New York Rangers prospect Tim Gettinger had a slow start to his third season in the AHL with the Hartford Wolf Pack but something clicked for the big 23-year-old forward about a month ago.
Gettinger had points in three of his first 10 games of the season before going on a four-game scoring streak, starting on March 25. Since the 25th, Gettinger has piled up 12 points, including six goals, in his last 10 games. With just a few games left on Hartford’s schedule, he’s tied for second on the team in scoring with Ty Ronning with 16 points.
At least part of the story here is the law of averages. Gettinger had just one goal on his first 25 shots of the season and came into the season with a 13.45 shooting percentage. Another part of the story is likely the delayed start and the general chaos surrounding the 2021 AHL season. The Wolf Pack are one of three teams in the Atlantic Division, which means that they’ve only been playing the Bridgeport Sound Tigers and the Providence Bruins since things got rolling in February.
As strange as this season has been for the Rangers, it’s been even more bizarre for the Wolf Pack.
Taking that all into consideration only makes Gettinger’s accelerated production more encouraging. Heading into this season, he was a 0.46 P/GP player in the AHL — so 16 points in 20 games is definitely noteworthy. More importantly, 15 of those 16 points have been primary. Gettinger is getting more comfortable making plays at the pro level by using his big 6-foot-6 frame. His mass creates space and opportunity for his teammates when he carries the puck, which is one explanation for his primary assist numbers this year.
“I think from that first year until now, it’s been about learning that pro style of play,” he said in a recent interview with the Trentonian. “Coming from juniors to pro, it’s a big jump. You’re playing more games here, and you can’t take any nights off. It was learning that, at all times, I’ve got to be moving my feet, be physical, use my size. That’s something from my first year, on to this year, I’ve learned that night in and night out, that I have to do.”
With Gettinger on the ice, the Wolf Pack have a +4 EV goal differential; without him, they have a -4 differential — which suggests that things tend to go well for Hartford when he’s on the ice. His 10.82 Rel EV GF% ranks fourth among Wolf Pack forwards. Gettinger can take the body, kill penalties, and he’s proving to be a player to watch on the man advantage. He’s second on the Wolf Pack with five power-play goals this year and is second only to promising rookie Morgan Barron (8) in primary points on the advantage (7).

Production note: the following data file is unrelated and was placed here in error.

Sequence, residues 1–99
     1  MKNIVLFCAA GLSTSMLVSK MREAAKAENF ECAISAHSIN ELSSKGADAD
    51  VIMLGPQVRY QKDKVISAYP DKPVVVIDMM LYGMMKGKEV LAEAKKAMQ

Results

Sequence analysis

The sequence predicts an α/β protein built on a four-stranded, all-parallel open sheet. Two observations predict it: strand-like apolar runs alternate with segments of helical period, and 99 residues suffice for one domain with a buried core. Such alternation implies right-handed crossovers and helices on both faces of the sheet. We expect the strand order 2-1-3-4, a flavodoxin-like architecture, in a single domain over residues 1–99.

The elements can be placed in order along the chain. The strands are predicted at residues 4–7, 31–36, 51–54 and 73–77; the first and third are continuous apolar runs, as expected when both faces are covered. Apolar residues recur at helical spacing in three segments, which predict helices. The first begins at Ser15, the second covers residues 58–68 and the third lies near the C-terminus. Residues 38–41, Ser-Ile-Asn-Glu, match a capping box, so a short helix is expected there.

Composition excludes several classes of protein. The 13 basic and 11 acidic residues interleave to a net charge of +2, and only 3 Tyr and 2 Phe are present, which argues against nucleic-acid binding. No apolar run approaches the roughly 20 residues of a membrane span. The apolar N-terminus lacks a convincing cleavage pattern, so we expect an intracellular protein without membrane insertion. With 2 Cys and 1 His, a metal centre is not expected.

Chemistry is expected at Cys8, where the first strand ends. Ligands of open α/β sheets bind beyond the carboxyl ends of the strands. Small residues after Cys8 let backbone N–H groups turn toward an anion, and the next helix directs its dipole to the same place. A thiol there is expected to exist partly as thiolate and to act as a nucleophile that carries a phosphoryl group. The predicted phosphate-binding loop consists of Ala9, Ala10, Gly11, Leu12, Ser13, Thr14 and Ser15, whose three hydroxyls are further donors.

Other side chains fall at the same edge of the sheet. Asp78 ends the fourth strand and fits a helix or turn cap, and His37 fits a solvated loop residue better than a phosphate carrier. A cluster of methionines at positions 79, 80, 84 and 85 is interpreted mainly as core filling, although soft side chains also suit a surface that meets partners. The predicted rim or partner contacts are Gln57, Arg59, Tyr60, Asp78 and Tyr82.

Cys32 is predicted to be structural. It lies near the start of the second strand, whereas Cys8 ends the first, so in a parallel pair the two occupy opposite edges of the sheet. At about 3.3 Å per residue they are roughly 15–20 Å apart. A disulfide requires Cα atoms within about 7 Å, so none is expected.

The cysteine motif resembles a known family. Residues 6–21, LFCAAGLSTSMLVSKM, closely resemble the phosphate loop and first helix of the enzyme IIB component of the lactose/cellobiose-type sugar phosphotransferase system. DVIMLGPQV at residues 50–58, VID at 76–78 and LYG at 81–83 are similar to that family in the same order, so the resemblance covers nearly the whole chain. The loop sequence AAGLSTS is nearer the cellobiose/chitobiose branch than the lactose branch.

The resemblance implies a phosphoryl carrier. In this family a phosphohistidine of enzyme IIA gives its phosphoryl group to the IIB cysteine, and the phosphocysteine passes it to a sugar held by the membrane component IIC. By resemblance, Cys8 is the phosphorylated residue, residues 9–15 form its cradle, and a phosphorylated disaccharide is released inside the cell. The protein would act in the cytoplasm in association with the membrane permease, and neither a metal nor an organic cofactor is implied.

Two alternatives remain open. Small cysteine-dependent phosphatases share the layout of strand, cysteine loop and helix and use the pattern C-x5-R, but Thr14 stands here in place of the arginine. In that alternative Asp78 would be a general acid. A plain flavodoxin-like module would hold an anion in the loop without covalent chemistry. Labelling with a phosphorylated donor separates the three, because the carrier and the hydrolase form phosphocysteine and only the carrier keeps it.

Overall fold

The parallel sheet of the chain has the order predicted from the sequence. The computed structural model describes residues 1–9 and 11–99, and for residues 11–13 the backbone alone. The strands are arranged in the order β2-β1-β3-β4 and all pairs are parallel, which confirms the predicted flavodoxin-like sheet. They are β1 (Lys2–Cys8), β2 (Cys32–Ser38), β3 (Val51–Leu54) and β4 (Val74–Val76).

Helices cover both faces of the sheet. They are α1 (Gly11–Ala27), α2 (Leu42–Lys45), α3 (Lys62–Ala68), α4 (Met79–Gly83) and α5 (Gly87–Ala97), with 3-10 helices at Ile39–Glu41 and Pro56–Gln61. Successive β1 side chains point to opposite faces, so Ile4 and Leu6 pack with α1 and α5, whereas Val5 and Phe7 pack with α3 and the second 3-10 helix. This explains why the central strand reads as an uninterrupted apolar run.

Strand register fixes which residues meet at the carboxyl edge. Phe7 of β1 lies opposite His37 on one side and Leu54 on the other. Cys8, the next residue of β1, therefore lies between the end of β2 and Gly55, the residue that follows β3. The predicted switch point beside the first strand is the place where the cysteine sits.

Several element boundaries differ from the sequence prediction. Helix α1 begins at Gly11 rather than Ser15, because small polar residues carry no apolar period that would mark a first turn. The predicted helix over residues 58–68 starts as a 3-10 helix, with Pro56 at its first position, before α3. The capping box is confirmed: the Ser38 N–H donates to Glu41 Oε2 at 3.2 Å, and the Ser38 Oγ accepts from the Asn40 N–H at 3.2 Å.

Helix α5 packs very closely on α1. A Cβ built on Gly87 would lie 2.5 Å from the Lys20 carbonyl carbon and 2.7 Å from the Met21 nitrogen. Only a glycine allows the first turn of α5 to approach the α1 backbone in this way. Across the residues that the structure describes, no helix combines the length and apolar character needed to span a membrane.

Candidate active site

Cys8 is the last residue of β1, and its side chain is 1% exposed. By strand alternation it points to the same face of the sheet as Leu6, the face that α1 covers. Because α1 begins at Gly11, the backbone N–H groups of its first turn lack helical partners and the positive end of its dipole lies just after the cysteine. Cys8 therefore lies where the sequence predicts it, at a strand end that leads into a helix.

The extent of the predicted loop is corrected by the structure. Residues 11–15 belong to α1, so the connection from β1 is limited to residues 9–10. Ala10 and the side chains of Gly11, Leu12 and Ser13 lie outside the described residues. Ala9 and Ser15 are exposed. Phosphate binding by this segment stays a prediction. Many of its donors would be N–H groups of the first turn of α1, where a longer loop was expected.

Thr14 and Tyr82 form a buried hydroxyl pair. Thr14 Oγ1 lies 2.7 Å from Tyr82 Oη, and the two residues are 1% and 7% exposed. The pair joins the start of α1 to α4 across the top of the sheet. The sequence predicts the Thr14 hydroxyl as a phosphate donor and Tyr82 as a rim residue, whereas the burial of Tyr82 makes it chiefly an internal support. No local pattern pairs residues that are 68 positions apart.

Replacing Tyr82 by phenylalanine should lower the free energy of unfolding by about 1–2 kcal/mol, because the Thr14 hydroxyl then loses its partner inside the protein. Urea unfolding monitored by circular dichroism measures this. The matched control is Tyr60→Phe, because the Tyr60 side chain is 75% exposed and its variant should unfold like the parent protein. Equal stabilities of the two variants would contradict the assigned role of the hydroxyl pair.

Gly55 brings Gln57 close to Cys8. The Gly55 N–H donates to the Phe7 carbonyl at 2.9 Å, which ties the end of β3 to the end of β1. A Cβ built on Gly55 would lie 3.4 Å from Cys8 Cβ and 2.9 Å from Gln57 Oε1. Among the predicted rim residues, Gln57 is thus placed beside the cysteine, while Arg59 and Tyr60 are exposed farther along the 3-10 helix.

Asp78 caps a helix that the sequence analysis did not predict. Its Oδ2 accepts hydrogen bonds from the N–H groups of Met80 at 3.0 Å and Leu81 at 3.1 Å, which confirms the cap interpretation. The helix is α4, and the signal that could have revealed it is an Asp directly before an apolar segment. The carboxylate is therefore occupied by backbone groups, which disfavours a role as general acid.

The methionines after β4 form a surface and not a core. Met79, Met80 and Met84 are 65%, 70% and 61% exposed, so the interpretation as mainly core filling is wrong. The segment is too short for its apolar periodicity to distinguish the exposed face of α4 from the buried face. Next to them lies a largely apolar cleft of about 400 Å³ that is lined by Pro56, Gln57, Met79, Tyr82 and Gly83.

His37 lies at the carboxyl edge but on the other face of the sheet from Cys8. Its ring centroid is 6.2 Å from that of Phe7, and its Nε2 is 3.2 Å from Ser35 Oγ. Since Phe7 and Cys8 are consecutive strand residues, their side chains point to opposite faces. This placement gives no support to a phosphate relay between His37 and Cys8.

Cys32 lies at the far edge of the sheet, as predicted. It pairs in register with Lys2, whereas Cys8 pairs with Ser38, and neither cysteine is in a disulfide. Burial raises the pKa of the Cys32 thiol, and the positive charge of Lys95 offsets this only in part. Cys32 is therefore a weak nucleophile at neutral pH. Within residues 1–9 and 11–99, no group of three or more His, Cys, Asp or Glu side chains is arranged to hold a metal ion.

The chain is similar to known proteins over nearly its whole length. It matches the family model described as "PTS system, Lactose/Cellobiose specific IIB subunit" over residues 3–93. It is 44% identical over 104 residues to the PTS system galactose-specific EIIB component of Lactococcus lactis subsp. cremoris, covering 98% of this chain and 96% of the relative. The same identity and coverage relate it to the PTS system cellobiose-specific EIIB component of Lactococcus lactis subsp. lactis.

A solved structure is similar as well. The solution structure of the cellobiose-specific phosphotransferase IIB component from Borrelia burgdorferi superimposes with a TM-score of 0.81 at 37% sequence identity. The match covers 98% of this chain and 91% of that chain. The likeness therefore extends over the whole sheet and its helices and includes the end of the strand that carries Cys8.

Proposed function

Looking at the big picture, Gettinger is continuing to show signs of being an intriguing future bottom-six presence on the wing for the Rangers. There aren’t a lot of players who have his size who can skate like he can. There’s also some evidence of improved discipline: he’s taken three minor penalties this year and has dropped the gloves twice — which is another element the Rangers might be looking for him to bring to the table.
The Rangers obviously have plenty of prospects and young players with higher ceilings and more potential than Gettinger but he still has room to carve out a niche role for himself as a big, punishing defensive forward who can be a nightmare in front of the net and in puck battles in the offensive zone. He’s on the last year of his entry-level contract and has definitely shown the front office something over the last month or so. Given what he’s shown this year in Hartford, it would be surprising if the Rangers choose not to keep the former 5th round pick in the picture.